Justin: It’s an intriguing stretch. I am writing this prior to the Kings game, but I’m predicting wins against them and Mavericks. Just because we’re at that stage of the year where the Raptors should be taking care of middling teams (Kings 24-24, Mavs 21-26). Still, the Kings and Mavs are no easy beats either and would be considered danger games. The Pacers and Rockets away will be tough but good tests to see how they measure up to some hyped up matches. Can Kawhi and co. stop Harden? Then there’s the Bucks, a team they seem to match up well against. Given the expectations of the Raptors this year, they should win four-of-five from that stretch. At 36-13, the standard has been set.

Satbir: The Raptors back-to-back with Sacramento and Indiana is their last before the All-Star break, and they only have two more following the time off. Writing this prior to the Kings game, they can’t be taken lightly, and it won’t be easy having to travel to Indiana on the backend, followed by the two road games against Houston and Dallas. I’m okay if the Raptors split the first four before playing Milwaukee. I’m also okay if we rest Kawhi and another starter (see question above and sit Lowry) versus Indiana. Also, take note that Houston is playing .500 basketball through their first 10 games in January.

For Milwaukee, they close the first half of the season with eight road games in their final 11. That includes a five-game road trip, and the third game being their contest versus the Raptors. So, I’m cool if the Raptors rest some guys throughout the first four games prior. Ultimately, I don’t care what the record is after the first four as long as it’s not 0-4 — but I’m hoping for 2-2. I do however, want to beat the Bucks. So, rest everyone and have all-hands-on-deck for January 31.

3) Danny Green’s breakout performance against the Memphis Grizzlies was unexpected. Who’ll have the next breakout game — and when?

Sully: I can see Pascal Siakam going off against the Houston Rockets this Friday night. With Houston thin in the frontcourt, Siakam could feast on both ends of the floor — scoring points with ease, grabbing boards, and with his defensive versatility, he can stretch out to the three-point line to prevent guys like P.J. Tucker, Gerald Green or James Ennis III, Gary Clark from draining the three-ball as well as stopping Nene and Kenneth Faried from getting buckets inside the paint. Taking all this into account, I think Siakam goes for 25 points on 9-for-16 from the field to go along with 14 rebounds, three steals, and two blocks.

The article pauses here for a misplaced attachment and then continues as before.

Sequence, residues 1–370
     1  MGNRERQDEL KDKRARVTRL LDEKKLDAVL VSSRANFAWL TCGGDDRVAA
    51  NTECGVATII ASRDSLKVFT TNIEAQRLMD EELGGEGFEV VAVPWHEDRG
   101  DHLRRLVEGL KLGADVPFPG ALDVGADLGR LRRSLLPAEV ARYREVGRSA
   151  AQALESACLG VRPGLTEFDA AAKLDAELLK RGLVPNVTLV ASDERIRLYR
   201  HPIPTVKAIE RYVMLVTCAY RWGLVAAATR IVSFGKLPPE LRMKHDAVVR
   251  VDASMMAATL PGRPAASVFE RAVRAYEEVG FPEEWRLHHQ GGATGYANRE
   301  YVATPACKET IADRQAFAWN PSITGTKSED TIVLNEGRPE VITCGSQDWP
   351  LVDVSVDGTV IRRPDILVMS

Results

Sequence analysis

Justin: I’m not sure when this breakout will happen — hopefully, playoffs in a Game 7! — but I think the roller-coaster season that OG Anunoby has had has to be the next break out guy. Maybe this is a 2019-20 discussion but I’m predicting a line of 25 points on 54 percent shooting, 10 rebounds, and seven assists. I think he’s capable of a near triple-double line if he can find the same confidence Siakam discovered this season.

Satbir: Kyle Lowry back in Houston. Over his last six games versus his former team, Lowry is averaging 18.3 points and 7.2 assists – including a 30-point game in last season’s game on March 9, 2018. Lowry doesn’t have a double-double versus his former team yet, but he’s been one or two assists shy three times in the last six versus the Rockets.

Like I said above, Lowry probably isn’t healthy. But, if there’s one person that could use a breakout game it’s number 7. The below numbers wouldn’t normally be a breakout game for Lowry in past seasons, but he’s yet to score 20 points in January, and only has one game with more than nine assists this month. (It’s two now as he recorded nine assists last night against the Kings.) I’m going to predict he records 26 points on 9-for-14 shooting, nine assists, and six rebounds.

Around the NBA: